What Scripture translation is used for the red Ecclesia Dei booklets?

Anyone know? :hmmm:

Presumably the Douay-Rheims Bible, an English translation of the Latin Vulgate. You can view the Douay-Rheims online here: drbo.org.

No, it’s not the Douay. I have a Douay at home and know it well :smiley: .

I assumed it was the Confraternity Edition for NT Scripture, and mostly Douay-Rheims for OT Scripture. Not sure though…never looked it up.

DustinsDad

There really isn’t that much scripture in those red booklets you are referring to. At least not in the propers, which are proper to one Sunday only. The booklet’s purpose is not to be a weekly or daily missal but to be a learning tool for the TLM novice.

On another thread some posters (scholars) say that the D-R is not an English translation of the Latin Vulgate but is a translation of the Clementine Vulgate. Apparently by the time the D-R was done there were already no copies of St Jerome’s Latin Vulgate in existence.

By the end of the medieval period it was common for “the Vulgate” to contain slight variations dependent on manuscript, and corruptions from Jerome’s original were honestly acknowledged. Still, while the Vulgate refers in one sense to Jerome’s translation - I think keeping the same name in its revisions even after Latin ceased to be vulgar preserves this connotation - another sense of the term is simply the official Latin version of the Church, which may receive revisions over the years but always represents a definitive text for theological argumentation. So there is no meaningful distinction between “Latin Vulgate” and “Clementine Vulgate,” because the Vulgate is the Church’s official Latin translation of Scripture; if the claim had been to a translation from Jerome’s Vulgate (would that be Hieronyman?), a distinction would have been necessary.

The ordinary of the Mass is saturated with Scripture, so that even allusions could be translated based on a deference to a particular translation, but let’s not overlook the direct quotes just because other places only take up the scriptural language.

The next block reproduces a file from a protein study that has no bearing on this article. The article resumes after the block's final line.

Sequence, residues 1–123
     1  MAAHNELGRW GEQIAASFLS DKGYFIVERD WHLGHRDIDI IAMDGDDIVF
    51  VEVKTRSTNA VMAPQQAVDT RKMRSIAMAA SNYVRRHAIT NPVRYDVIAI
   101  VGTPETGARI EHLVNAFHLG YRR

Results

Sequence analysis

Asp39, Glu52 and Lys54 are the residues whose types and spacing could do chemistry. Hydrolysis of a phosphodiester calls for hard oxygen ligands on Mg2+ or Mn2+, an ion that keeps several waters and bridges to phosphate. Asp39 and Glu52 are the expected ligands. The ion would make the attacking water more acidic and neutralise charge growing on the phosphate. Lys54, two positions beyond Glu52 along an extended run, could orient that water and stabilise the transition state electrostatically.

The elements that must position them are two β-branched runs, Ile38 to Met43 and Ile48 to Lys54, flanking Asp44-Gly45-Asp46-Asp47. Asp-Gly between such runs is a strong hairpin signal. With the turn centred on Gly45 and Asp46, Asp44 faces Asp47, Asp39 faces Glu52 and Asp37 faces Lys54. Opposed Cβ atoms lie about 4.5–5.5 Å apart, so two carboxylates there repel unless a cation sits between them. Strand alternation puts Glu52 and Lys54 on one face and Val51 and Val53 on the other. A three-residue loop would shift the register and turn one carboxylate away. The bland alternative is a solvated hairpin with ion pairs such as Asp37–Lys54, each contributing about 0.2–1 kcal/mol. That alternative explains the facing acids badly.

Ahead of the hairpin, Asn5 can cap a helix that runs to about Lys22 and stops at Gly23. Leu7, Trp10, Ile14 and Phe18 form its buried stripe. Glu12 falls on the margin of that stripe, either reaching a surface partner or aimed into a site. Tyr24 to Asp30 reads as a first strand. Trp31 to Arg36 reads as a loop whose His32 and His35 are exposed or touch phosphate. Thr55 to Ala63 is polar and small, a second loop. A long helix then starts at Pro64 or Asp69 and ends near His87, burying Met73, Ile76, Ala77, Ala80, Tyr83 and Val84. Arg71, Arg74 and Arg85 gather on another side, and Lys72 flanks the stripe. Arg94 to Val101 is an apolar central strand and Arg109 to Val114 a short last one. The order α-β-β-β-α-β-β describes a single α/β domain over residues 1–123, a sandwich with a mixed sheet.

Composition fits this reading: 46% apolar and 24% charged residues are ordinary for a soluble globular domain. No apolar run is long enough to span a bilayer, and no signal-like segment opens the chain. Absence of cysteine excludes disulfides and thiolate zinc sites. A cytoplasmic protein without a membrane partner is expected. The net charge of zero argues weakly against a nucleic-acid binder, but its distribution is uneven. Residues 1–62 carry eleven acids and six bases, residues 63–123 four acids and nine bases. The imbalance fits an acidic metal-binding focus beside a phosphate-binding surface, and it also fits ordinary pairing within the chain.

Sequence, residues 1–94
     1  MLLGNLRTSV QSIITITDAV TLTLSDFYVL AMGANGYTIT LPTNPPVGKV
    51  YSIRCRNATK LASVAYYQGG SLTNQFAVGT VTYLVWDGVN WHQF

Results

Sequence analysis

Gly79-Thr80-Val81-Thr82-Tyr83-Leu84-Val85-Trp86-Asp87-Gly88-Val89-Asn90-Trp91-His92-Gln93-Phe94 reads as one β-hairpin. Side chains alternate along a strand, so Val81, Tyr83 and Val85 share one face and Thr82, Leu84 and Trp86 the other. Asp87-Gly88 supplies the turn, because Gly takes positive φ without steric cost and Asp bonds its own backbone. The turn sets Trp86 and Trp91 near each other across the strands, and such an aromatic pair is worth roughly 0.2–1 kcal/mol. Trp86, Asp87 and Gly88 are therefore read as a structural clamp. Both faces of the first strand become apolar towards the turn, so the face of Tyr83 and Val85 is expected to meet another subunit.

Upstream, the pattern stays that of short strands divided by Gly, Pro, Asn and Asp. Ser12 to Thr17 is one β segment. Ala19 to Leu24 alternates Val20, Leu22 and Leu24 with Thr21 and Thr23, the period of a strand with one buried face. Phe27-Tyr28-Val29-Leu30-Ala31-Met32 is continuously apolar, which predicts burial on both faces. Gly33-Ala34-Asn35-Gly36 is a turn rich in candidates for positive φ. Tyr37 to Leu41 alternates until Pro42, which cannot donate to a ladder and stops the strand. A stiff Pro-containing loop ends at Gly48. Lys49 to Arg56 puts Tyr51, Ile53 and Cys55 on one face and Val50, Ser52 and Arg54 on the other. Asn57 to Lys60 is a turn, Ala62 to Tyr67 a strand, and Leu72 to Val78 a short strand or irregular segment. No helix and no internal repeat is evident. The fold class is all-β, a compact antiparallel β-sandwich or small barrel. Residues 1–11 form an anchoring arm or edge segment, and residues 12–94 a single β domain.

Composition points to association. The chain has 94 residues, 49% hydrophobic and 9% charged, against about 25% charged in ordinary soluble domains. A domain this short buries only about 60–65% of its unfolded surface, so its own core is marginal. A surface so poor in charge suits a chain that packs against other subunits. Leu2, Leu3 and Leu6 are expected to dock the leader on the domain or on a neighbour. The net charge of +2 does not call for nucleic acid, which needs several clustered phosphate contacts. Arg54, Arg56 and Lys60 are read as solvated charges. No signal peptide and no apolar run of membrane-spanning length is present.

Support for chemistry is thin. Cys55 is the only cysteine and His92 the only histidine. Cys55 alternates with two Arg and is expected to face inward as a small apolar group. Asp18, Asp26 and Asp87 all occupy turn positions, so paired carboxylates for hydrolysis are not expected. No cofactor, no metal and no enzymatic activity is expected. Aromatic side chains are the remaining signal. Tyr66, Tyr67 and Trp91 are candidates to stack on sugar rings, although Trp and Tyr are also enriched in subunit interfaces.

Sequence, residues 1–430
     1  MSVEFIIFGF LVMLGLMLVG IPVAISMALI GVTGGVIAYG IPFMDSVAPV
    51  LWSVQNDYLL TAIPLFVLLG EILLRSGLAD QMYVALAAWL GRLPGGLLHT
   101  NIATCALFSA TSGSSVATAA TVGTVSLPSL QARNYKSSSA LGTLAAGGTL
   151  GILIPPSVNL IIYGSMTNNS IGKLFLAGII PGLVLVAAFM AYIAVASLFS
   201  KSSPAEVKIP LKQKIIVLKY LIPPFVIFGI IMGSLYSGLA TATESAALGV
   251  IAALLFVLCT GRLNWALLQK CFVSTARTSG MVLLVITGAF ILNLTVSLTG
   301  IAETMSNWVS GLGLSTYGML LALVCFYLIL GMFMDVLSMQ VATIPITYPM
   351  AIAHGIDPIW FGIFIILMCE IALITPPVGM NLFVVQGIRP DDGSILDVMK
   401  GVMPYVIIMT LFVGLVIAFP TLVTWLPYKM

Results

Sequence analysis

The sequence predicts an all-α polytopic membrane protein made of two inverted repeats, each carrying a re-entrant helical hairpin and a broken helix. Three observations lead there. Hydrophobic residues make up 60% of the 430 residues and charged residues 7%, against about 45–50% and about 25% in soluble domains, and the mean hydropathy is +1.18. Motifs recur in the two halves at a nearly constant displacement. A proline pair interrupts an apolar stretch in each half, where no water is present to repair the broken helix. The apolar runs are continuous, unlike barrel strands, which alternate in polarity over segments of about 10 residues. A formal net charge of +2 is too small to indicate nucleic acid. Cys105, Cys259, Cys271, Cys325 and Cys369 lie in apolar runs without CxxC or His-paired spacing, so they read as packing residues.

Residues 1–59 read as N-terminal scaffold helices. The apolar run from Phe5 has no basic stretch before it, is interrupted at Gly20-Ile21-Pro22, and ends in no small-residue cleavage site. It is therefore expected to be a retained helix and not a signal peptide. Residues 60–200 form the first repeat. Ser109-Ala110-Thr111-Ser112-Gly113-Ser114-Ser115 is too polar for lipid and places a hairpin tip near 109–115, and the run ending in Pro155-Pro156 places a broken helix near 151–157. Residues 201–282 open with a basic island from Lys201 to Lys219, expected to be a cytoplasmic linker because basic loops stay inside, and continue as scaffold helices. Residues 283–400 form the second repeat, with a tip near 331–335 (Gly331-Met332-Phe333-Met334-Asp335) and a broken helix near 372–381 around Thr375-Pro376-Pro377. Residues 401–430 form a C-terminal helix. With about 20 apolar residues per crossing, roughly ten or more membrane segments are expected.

Off the top of my head I can think of…
Judica me
Lavabo
Sanctus
the institution narrative (a sort of Gospel harmony but nonetheless employing scriptural quotation)
Ecce Agnus Dei…Domine non sum dignus
and, of course, the Last Gospel

To me, it seems like the DRV, but it doesn’t have the -th at th end of verbs. It’s like a DRV made into more modern English. I was just wondering where they draw the readings from (especially the proper lesson and Gospel).

Also, someone above said the little red books are for novices but aren’t the same as a missal? Besides the order of the Mass and the propers, what else would be needed to pray the Mass? :confused:

This may be from the DRV, because it uses the word “ye” :thumbsup:

The little red books don’t actually have the propers, which is why they are insufficient of themselves. When they come to a proper element they do give a text, but it is either the most common text or simply an example of what fits there. My parish has the red books and then prints off a supplement with the propers. I don’t think my wife has fully caught on to the system, though, because I rarely see her consult the supplement.:wink: I try to let her use my missal sometimes, but she finds that a little complicated, so I let her be.

A missal, in contrast to the little red books, has all the material that had to be omitted to make the red books so little (and cheap). The ordinary of the Mass is typically in the center, with the proper of times on one side (usually before) and the proper of saints and votive and ritual Masses on the other side of that material, so you flip back and forth between the ordinary and proper in the course of a Mass.

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